Many people are asking, “Why is it so difficult to make an appointment with the Social Security Administration?”

Social Security, considered by many to be one of the better government agencies in terms of public service, has been quietly cutting personnel and closing its field offices at a time when Baby Boomers are retiring at record numbers.

According to a report by the Senate Special Committee on Aging, Social Security has closed 64 field offices and 533 temporary mobile offices since 2010. In addition, SSA reduced its office hours by closing its offices on Wednesdays to “process paperwork and reduce backlog”.

Social Security would like to eventually close all field offices, according to the Senate committee who cited an unpublished strategic plan prepared by the SSA called “Vision 2025”. The plan proposes that interaction with the SSA should shift from face-to-face services to online services over the next 11 years.

Some services that participants took for granted, like the ability to order hard-copy benefits verification statements, were halted. It wasn’t until a public outcry led by many financial advisers forced the SSA to reinstate hard copy statements which are now sent once every five years to those participants that haven’t enrolled in the SSA online service.

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These cutbacks of services can hurt the very people that the Social Security Act of 1935 was originally designed to protect, particularly retirees and those contemplating retirement. The local Social Security Office has been a tremendous resource for those who require assistance navigating the benefits and paperwork necessary when electing many of the programs that the SSA oversees.

Here are 3 reasons why it’s important for the Social Security Administration to maintain a presence in your community.

Social Security is complicated

While Social Security today administers many more services than just retirement benefits, the options available for retirement benefits are complicated enough. A local field office can be a helpful resource to understand the complex variations of benefits that retirees will have to decide upon – many of them irrevocable.

Many Boomers prefer face-to-face contact

The move by SSA to migrate most of their customer service duties to online representatives may hurt those who are not computer savvy or live in rural locations that do not have adequate internet coverage. For those individuals, a local Social Security field office is their only connection to the benefits that they are entitled to.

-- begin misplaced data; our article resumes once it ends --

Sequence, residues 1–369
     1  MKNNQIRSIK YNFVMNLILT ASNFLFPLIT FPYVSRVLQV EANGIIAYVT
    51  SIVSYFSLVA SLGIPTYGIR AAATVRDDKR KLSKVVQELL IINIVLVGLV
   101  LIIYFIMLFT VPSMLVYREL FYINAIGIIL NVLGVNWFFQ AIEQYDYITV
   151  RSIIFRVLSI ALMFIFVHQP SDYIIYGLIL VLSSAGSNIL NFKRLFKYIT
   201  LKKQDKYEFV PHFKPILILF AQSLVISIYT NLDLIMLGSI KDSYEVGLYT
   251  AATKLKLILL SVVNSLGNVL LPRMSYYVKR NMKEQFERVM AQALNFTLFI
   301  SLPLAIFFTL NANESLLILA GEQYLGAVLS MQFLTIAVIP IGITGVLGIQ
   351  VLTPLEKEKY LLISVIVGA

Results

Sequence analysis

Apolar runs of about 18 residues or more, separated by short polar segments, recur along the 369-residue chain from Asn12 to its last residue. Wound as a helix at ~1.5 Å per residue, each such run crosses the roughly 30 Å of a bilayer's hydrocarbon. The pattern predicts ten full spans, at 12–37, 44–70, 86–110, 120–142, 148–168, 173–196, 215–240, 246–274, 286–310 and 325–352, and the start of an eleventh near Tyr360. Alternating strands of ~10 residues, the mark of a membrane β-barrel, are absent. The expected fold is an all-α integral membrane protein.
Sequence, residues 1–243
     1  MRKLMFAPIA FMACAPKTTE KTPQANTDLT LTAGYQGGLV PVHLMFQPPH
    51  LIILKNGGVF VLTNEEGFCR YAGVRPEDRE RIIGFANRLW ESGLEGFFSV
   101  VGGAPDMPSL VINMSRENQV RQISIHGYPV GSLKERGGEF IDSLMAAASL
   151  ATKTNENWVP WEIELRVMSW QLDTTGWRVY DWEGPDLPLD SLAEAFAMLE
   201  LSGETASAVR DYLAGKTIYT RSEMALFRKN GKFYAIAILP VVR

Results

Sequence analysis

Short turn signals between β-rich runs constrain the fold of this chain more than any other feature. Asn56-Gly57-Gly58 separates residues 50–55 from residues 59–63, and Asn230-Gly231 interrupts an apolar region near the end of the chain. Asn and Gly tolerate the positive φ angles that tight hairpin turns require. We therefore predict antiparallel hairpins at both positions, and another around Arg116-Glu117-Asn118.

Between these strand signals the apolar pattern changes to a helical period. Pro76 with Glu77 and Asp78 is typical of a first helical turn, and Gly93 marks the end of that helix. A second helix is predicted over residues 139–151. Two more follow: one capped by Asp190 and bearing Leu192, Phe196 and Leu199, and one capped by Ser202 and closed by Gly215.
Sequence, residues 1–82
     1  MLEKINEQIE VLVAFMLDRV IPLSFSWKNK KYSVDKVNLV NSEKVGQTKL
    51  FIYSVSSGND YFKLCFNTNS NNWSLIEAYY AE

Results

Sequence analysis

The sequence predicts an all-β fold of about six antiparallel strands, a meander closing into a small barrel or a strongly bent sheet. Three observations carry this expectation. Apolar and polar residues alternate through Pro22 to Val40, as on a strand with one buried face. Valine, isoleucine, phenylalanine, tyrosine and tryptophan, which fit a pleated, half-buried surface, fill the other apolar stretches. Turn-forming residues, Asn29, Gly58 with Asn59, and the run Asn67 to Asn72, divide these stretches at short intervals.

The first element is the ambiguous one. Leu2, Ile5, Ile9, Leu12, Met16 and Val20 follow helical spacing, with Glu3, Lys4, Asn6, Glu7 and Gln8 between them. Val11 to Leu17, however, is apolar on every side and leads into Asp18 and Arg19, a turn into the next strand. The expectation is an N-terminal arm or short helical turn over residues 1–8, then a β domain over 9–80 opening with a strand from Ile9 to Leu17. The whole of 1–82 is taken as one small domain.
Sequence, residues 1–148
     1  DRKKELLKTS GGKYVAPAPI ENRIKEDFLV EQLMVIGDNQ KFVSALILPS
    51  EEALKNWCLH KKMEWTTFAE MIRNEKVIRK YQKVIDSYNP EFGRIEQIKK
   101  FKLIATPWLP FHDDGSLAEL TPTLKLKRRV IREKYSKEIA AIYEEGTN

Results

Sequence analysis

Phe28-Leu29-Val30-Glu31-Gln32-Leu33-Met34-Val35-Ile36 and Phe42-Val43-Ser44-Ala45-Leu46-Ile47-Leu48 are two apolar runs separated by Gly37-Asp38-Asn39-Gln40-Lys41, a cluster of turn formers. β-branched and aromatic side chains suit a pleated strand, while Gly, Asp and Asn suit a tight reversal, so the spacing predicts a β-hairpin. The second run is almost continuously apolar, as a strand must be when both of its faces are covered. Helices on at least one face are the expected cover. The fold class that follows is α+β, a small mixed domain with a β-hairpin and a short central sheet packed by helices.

But more important than access is the perception of privacy. Many Baby Boomers who can navigate the internet reasonably well remain suspicious of using the technology for their most personal interactions, preferring face-to-face contact with another human being when discussing their benefits.

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You paid for it

Technically speaking, the government considers Social Security benefits an “entitlement” paid for by the current workforce to benefit the currently retired. But the term “entitlement” is considered insulting by many who consider their benefits an asset – something they have spent their entire working life paying for.

While the SSA continues to cut back on their services, your contribution into the system hasn’t. According to Dave Ramsey, “All the money you’ve paid into Social Security through your whole life, you need to double that because your employer has matched you.” That’s a lot of money into a system that is eliminating services.

“Customers”, as the SSA is fond of calling us, should demand better service for the costs we pay. But many understand that the “customer” model is a euphemism since there are no other competing organizations offering the same types of benefits.

One thing to keep in mind is that SSA representatives – whether in person or on the phone – cannot make recommendations concerning the dozens of options available to each retiree. Those questions are best answered with the assistance of a qualified financial adviser who is experienced in social security claiming strategies.

How can you help save your local Social Security Office? Make your voice heard! Contact your local congressional representative and let them know before it’s too late.

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